Tuesday, November 25, 2014

Agriculture development and food security

Statement delivered by, Mr. Enayet Madani, Counsellor

At the Second Committee

Debate on Agenda Item 60: Agriculture development and food security
on behalf of H.E. Zahir Tanin


Mr. Chairman,

I would first like to thank you for convening this meeting, and align myself with the statement delivered by distinguished delegate of Sudan on behalf of the G77 and China my delegation as well voice a support for the statement delivered by distinguished representative of Nepal on behalf of LDCs I take this opportunity to thank the UN secretary General for his report on agriculture development and food security. I would also like to thank the UN system, and particularly the World Food Programme and the Food and Agriculture Organization for their continued aid and support to Afghanistan. We also appreciate their efforts in research and development, as well as technical assistance on global agriculture and food security.

We welcome the recent L’Aquila Initiative on Global Food Security which both prioritizes the urgency of addressing food security, agriculture, and food price trends in developing countries, such as Afghanistan, and acknowledges the importance of continued financial and technical assistance. We recognize and are thankful to those who have taken the lead to keep food security challenges at the top of the global agenda.

Afghanistan once had a very abundant and robust agricultural economy and was a self-sufficient producer of wheat, fruits, nuts, barley, sugarcane, and wool, before conflict engulfed the country. Today, our agricultural productivity has significantly declined, necessary physical infrastructure has been destroyed, and droughts and price fluctuations have created food shortages and left millions of Afghans starving. It is of the utmost importance that we restore our agricultural sector to what is once was, while also ensuring its sustainability by adapting to new environmental and political circumstances.

Although only 12% of Afghanistan’s land is fertile for agriculture, eighty percent of our country’s population lives in rural areas and is dependent on sustenance farming for survival and livelihood. Furthermore, agriculture accounts for half of Afghanistan’s Gross Domestic Product and thus is closely linked to our economic growth. However, war has left much of our population, particularly farmers, dependent on international assistance. Thus, it is vital to continue humanitarian assistance and create food safety nets for those most vulnerable, while at the same time re-structuring and investing in our agricultural sector so self-sufficiency can be achieved.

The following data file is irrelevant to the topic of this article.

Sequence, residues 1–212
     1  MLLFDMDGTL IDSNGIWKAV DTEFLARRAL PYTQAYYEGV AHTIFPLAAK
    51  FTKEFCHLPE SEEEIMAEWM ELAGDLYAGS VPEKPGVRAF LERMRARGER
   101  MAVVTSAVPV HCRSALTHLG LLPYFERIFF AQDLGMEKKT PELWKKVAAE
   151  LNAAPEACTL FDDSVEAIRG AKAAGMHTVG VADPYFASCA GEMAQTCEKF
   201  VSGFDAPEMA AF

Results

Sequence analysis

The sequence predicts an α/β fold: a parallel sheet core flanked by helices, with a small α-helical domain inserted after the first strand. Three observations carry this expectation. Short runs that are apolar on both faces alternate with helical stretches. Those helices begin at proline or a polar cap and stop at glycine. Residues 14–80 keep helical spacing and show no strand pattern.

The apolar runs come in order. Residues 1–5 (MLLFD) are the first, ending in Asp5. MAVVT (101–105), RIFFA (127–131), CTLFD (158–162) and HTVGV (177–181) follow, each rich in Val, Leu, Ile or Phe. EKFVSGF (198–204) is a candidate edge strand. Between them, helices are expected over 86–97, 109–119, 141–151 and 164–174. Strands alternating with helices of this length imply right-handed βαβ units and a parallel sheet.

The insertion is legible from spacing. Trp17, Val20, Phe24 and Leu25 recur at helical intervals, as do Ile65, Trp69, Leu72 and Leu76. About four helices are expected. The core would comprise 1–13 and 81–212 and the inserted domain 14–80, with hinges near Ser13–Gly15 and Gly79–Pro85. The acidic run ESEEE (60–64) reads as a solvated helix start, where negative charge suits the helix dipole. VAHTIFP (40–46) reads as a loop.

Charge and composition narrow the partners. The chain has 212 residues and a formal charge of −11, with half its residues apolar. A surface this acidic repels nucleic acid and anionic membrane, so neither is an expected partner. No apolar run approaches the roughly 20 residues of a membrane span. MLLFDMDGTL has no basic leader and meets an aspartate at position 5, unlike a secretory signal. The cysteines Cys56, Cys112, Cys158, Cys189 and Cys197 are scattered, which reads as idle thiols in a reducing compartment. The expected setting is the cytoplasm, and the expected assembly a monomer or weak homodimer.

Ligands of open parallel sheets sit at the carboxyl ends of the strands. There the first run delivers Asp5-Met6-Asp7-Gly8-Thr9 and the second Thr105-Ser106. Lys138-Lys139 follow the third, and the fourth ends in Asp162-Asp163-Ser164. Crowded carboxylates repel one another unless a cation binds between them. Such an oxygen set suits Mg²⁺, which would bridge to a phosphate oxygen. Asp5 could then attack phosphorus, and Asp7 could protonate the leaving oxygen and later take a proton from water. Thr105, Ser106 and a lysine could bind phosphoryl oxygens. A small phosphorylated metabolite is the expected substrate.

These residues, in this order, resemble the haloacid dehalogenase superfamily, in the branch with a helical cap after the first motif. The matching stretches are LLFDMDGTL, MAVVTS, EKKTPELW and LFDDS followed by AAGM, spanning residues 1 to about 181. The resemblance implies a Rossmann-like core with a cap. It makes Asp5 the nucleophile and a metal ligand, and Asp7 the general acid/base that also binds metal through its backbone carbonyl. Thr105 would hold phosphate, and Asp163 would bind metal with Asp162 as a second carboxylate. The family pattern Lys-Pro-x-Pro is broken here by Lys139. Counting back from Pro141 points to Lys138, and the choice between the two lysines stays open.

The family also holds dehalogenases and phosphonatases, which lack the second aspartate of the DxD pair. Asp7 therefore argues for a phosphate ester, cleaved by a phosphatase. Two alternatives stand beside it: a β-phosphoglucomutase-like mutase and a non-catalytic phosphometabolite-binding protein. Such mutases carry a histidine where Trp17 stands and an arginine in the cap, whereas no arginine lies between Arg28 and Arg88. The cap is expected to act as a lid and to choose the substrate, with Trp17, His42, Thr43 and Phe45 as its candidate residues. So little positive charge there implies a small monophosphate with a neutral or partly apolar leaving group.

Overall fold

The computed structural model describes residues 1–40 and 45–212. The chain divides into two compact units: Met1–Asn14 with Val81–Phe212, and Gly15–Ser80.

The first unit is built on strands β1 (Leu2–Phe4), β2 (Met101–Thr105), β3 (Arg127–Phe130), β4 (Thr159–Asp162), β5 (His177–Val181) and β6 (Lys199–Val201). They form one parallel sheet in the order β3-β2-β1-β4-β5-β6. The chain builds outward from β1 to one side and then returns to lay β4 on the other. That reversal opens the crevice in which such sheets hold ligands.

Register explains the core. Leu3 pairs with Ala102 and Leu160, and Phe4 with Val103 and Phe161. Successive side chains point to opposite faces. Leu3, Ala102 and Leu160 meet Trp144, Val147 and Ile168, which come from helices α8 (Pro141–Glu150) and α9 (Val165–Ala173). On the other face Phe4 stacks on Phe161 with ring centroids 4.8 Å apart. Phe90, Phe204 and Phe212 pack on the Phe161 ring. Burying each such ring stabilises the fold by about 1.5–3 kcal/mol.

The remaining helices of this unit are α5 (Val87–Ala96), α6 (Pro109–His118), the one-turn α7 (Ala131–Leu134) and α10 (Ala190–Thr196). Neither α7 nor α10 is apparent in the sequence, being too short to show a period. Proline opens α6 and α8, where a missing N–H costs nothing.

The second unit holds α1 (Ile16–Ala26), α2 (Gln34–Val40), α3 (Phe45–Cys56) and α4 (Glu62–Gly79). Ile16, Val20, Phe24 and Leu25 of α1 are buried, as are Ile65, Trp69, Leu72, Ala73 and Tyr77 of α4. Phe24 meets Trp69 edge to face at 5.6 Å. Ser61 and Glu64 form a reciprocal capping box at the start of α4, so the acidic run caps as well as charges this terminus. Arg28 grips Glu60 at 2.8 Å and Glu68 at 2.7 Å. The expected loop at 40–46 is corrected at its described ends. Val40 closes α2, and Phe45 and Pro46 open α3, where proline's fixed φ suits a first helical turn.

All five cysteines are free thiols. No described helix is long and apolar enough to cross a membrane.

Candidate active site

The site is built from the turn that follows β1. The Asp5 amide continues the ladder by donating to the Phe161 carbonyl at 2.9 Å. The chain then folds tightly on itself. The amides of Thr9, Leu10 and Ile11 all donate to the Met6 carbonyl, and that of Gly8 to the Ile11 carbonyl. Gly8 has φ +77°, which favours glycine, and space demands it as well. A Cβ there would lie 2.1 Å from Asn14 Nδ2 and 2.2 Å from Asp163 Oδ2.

Mr. Chairman

In the past few years, we have experienced some of the worst droughts in Afghanistan’s history. In 2008 and 2009, droughts led to a 60% reduction in wheat production from the previous year. Increasing water scarcity affects both rain-fed and irrigated lands. While 40% of the sector has irrigation systems, many of these irrigation systems were largely destroyed during the past few decades of war. More pressing, 85% of our irrigated land is dependent on water from the mountains, which are sensitive to climate change and shifting rainfall patterns.

As a result of conflict and draught, malnutrition in Afghanistan is a growing problem. An average of 50% of children under 3 are moderately or severely stunted from poor nutrition, and 80-90% of households are considered to have very poor dietary diversity. This prohibits us from achieving the first Millennium Development Goal without substantial efforts to restructure of our agricultural sector with the support of the international community.

Mr. Chairman,

Small farmers and women, those who are most vulnerable to political and economic instability, must be at the center of our food and agriculture policy. Women bear the responsibility of providing food and nutrition to the family, and are critical to successfully tackling food security issues. Farmers, particularly small landowners must have access to financing and technology, so agriculture can be a viable source of their livelihoods. Farmers, civil society groups, and the government all play a vital role in ensuring these plans are implemented.

To re-build Afghanistan’s agricultural sector, and ensure food security, several key steps are necessary:

First, we need to improve our agricultural productivity without succumbing to wasteful or unsustainable agricultural practices. This includes improving water conservation and minimizing soil and ecosystem degradation. Food security can only occur with sustainable usage of water and natural resources.